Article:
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Chin et.al.,

Pardon me while I try not to spit in the wind or state something obvious.

I have been digesting the ESO issue since Chinwhisker started scratching his beard about several moons ago on the valuations board. I would like to thank all that have provided input it has helped change my thinking about ESO's substantially.

Here is what I'm thinking. Trying to hunt through the finacial statements looking for the hidden costs to earnings of ESO's is not only daunting and time consuming but I think it misses the mark. The price of a given commodity is tied to the number of widgets available and their desirability. Its in this equation that individual investors make thier money, excluding dividends.

I realize that the theory is that price follows earnings. This theory assumes that higher earnings make for a more desirable company. Which would lead one to believe that if we could figure out the cost of ESO's we could deduct that from earnings and get a "real" number to work with.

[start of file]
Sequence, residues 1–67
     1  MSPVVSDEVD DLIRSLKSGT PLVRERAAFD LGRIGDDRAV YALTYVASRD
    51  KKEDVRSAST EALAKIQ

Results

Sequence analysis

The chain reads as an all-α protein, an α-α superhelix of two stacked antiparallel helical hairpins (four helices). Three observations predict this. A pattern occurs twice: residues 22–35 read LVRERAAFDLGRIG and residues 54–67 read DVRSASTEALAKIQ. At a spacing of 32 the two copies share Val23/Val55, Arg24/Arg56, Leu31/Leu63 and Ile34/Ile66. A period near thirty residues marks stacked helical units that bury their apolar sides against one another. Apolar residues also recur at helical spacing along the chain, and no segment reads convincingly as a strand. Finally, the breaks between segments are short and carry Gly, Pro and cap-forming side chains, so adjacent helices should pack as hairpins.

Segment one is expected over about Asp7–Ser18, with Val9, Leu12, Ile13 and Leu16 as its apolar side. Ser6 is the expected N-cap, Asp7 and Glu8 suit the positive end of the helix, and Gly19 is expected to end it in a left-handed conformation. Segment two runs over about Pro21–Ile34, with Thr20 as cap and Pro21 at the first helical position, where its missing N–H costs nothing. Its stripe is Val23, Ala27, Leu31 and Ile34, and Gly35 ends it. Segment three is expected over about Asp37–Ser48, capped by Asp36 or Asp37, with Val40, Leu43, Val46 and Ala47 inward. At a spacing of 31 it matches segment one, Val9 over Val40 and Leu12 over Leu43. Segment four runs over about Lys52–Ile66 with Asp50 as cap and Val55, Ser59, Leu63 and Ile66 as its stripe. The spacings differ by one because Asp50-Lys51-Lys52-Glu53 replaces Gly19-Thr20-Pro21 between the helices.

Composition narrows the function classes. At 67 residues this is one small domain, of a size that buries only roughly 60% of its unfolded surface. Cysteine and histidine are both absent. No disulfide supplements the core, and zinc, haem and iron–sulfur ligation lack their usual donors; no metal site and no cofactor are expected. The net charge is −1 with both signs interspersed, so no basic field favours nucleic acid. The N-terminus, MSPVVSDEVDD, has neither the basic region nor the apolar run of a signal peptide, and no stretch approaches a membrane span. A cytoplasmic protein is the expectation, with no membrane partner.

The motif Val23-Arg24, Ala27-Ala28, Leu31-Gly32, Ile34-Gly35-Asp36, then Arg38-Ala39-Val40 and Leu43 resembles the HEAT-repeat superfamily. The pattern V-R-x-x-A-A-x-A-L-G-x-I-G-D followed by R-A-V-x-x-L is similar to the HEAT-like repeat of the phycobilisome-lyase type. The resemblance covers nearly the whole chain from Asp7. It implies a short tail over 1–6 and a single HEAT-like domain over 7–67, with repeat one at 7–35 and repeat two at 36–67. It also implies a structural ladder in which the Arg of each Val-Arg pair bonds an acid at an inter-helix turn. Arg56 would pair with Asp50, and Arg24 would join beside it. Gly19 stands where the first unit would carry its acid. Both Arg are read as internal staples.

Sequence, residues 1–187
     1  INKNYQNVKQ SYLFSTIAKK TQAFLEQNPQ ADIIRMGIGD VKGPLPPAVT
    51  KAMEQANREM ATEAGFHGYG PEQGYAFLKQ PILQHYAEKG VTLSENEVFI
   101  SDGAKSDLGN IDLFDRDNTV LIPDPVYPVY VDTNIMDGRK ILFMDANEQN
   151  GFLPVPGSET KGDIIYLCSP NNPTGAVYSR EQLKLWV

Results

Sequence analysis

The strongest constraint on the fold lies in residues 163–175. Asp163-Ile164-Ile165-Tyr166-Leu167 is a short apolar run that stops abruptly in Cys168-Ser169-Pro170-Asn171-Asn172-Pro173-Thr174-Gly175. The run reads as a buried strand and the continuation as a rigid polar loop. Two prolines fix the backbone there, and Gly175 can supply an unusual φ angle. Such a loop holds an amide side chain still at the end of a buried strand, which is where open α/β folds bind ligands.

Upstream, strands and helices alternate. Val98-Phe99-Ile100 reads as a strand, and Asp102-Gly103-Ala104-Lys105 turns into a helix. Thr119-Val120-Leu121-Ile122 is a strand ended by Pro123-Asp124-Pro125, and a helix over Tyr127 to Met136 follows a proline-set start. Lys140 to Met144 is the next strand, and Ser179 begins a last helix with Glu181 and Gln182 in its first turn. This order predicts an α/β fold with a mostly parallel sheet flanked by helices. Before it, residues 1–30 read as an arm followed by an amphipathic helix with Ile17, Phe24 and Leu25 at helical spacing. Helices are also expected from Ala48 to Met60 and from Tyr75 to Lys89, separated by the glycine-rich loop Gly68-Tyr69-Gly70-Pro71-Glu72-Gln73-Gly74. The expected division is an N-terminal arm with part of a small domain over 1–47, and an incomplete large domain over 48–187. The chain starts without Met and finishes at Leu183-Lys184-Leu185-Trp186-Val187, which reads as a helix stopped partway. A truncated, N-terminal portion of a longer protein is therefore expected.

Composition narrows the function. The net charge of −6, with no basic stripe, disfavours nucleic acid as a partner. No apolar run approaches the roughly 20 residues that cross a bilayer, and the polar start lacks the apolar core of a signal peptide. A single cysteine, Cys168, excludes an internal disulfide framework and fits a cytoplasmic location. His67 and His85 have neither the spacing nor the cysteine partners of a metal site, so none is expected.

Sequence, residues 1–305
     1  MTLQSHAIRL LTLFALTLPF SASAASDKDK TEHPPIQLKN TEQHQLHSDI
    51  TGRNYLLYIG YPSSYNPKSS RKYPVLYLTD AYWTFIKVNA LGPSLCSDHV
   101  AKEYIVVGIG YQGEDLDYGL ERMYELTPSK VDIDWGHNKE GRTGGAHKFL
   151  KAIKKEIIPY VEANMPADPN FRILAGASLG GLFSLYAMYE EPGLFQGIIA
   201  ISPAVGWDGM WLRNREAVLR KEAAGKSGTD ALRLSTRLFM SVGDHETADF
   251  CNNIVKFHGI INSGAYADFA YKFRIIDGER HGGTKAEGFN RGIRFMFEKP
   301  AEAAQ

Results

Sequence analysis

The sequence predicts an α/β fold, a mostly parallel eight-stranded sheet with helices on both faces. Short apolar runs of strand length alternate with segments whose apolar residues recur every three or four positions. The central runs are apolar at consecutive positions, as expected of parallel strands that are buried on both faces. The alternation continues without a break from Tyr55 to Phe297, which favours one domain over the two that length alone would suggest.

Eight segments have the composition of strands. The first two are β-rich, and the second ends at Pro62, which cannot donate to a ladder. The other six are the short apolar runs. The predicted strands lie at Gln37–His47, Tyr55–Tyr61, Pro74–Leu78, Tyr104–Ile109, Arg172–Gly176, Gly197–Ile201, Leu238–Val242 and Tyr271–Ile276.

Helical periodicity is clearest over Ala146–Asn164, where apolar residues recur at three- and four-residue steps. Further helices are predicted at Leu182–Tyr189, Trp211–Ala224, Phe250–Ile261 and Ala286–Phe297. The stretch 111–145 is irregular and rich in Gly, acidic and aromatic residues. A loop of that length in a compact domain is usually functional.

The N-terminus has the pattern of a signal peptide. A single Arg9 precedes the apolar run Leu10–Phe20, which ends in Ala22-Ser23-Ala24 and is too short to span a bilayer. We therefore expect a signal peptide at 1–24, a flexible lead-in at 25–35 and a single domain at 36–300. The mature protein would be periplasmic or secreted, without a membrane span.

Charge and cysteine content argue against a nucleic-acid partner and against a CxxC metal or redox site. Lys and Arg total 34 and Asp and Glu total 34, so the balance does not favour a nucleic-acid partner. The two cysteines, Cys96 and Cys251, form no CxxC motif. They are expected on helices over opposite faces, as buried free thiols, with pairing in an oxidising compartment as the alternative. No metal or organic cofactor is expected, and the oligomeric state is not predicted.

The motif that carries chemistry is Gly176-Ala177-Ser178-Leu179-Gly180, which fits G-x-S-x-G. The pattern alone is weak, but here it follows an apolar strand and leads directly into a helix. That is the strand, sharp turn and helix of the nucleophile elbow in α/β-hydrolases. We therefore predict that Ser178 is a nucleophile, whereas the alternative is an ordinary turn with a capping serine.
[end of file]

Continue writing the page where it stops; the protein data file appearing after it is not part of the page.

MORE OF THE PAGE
But desirablity is hard to project into the future. It has too many variables. So wouldn't it be easier to focus on the dilution effect of ESO's?

We can look at a company dilution three ways.

1) We can simply subtract the dilution from our growth projections.
If we excpect the company to grow 20% for five years and 11% for five years and 6% from then on. We adjust, subtract, our projections by the dilution rate. My theory is that if the stock pool is being diluted by 5% each year my share of the earnings is annualy reduced by 5%.

First five years 20%-5%=15% growth
next five years 11%-5%=6% growth
residiual 6%-5%=1% growth

2)To make it easier we could just increase our discount rate. This is based on the theory that the discount rate is the minimum return I'm willing to accept for the risks tied to this company. For the sake of discussion I'll choose 12% because we want to beat the historical return of the market. So we would simply increase our discount to 17% to account for the dilution.

3)We stop playing with the earnings, FCF, EVA numbers entirely and focus on how many shares are going to be there at the end of our DCF calculation. We do that by using a compounding future value formula FV=PV*(1+i/n)^n*m.

or

If we have a company that starts w/ 100 shares outstanding and it is diluting on average by 5% we get a formula that looks like

FV=100(1+.05/10)^10*10 = 164.66
We can simplify the forumula and get near the same number
FV=PV*(1+i)^n
FV=100(1+.05)^10 = 162.88

All of this head scratching theorizing is based on the premis its better to be mostly right than precisely wrong. I'm looking to get into the ball park not the locker room.

Does any of this make sense or am I out lunch.

Please comment.

jack

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